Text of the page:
Updated Tue, Aug 13, 2013 by Dalmarus
Welcome to the seventh episode in our "Where Are They Now?" series! Being a gamer since the days of Pong, I thought it was long past the time when someone should take a look at famous game developers from days gone by and find out how (and if) they're still involved in making the games we love to play. Today’s developer spotlight focuses on a game producer that has inadvertently been instrumental in my career path for almost 10 years now – Jeff Butler
Jeff Butler has spent more than 10 years intimately involved in two of my favorite games/franchises of all time in the MMORPG world – EverQuest and Vanguard. Both of these games are responsible for more gaming hours for me than every other game on the planet combined. Perhaps not *quite* that much (let’s face it, I’ve spent a lot of time playing video games since I first hit an arcade in the late 70s), but it’s got to be close. Not only have these two games shaped most of my views on what I think gaming should be, they both influenced my career path in a very real way.
Jeff Butler started out at Sony Online Entertainment as a Customer Support Manager in 1999. By early 2000, he was the Co-Producer of arguably the most popular EverQuest expansion of all time – Rise of Kunark. This was the expansion that drew me into the world of EverQuest. The life of myself and thousands of other players around the world would forever be changed from that moment. After Rise of Kunark, Jeff went on to produce the Scars of Velious (the last “core” expansion according to a large group of fans), and Shadows of Luclin.
After this, Jeff left SOE to found Sigil Games Online, Inc. with his fellow friend and coworker, Brad McQuaid to create Vanguard: Saga of Heroes. Though the game had a rough launch, for me, this was the game that EverQuest II was meant to be. Considering the people at the helm of this project, that really comes as no surprise though. The game’s popularity may have been short lived due to a rash of continuing technical problems that plagued it, but Vanguard also accomplished another task no other game to date has managed. It brought back that initial rush and love of gaming I felt when I first started playing EverQuest and that is no small feat.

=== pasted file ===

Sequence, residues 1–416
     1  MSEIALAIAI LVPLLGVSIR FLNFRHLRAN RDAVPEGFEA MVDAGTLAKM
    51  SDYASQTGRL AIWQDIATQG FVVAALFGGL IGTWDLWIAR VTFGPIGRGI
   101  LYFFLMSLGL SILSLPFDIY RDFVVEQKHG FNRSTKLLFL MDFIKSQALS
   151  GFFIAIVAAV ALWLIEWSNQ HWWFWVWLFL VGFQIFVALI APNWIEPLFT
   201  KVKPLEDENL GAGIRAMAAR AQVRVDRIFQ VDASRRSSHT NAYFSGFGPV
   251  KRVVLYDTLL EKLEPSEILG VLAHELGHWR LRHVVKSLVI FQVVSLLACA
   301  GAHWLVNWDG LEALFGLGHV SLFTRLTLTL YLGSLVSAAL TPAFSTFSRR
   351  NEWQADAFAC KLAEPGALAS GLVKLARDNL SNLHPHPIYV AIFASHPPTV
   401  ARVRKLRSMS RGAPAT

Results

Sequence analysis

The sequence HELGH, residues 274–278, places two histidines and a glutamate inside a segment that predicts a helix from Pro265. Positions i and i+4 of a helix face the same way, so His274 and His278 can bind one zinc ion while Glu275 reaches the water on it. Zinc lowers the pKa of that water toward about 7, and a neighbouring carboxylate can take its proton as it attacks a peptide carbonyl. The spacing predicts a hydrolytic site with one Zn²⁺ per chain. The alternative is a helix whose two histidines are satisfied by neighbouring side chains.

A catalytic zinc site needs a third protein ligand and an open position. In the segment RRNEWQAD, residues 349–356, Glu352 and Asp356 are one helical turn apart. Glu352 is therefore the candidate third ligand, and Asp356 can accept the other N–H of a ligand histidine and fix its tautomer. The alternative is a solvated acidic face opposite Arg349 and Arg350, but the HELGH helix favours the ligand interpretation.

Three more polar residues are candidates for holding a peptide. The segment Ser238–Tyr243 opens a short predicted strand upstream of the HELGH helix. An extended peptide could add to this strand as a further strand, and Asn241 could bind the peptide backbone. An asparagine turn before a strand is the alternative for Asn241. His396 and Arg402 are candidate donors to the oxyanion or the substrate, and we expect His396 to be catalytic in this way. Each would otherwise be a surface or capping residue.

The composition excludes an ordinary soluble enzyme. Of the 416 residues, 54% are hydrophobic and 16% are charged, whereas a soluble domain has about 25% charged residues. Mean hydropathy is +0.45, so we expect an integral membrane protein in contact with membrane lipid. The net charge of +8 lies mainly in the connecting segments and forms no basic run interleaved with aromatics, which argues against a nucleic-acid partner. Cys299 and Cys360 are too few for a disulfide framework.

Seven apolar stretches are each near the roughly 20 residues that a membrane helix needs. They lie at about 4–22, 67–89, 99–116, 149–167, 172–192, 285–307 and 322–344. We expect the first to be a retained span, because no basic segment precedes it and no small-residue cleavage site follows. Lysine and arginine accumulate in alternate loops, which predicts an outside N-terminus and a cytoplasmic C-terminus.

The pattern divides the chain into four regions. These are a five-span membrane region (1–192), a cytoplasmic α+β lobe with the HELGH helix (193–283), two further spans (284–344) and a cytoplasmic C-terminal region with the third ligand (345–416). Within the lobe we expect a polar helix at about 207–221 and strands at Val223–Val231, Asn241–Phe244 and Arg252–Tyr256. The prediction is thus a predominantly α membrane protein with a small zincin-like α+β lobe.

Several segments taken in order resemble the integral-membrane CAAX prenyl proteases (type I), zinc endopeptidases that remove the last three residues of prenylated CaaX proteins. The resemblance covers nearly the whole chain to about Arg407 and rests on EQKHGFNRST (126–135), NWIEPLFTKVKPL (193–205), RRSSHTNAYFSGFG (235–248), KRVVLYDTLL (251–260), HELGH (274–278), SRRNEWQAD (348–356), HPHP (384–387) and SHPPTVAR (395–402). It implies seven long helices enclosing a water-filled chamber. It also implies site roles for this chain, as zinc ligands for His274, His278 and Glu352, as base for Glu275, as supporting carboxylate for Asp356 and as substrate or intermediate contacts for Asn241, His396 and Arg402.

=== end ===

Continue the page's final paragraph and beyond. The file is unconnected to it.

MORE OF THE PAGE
We all know that Sigil eventually went under and sold Vanguard to SOE, so where did Jeff end up and why should you care? I can answer that very easily in just two words – EverQuest Next. As one of SOE’s Creative Directors, Jeff has and will continue to have a very real effect on the game and the direction it takes. I don’t know about you, but considering how much I’ve loved his past work over the years, I’m thrilled to death that Jeff and others EQ vets are back working on a project I am insanely excited for.
Last week we brought you a ton of EverQuest Next coverage (and a little snippet discussing what it meant when Jeff was seen wearing the Oculus Rift in a video), and we’ll continue to bring you everything we can about the game as news gets released. With a staff of employees that were practically all weaned on EverQuest before we ever started working in the industry in different capacities, I can firmly say that this is going to be an exciting year as we see the launch of EverQuest Next Landmark this winter (which could admittedly mean the beginning of next year) and continue to wait for EverQuest Next itself to release.
Jeff is yet another clear example of the type of individual we need in the game industry as a whole. He has dedicated over 20 years of his life now to help bring us games that matter. Intentionally or not, EverQuest had a drastic effect on an innumerable amount of individuals (check out the official My EverQuest Story page to see heartfelt, but embarrassing videos from people such as myself). Over the years, there have been blood, sweat, and I’m sure tears shed along the way – all because Jeff loves the industry, the fans, and the games we all want to play. Personally, I can’t wait to see what he helps produce through his involvement with EverQuest Next.
If you have a suggestion for a game designer, art director, creative lead, or any other person intimately involved with a game's completion that you'd like to see highlighted, hit me up on Twitter or send me an email here!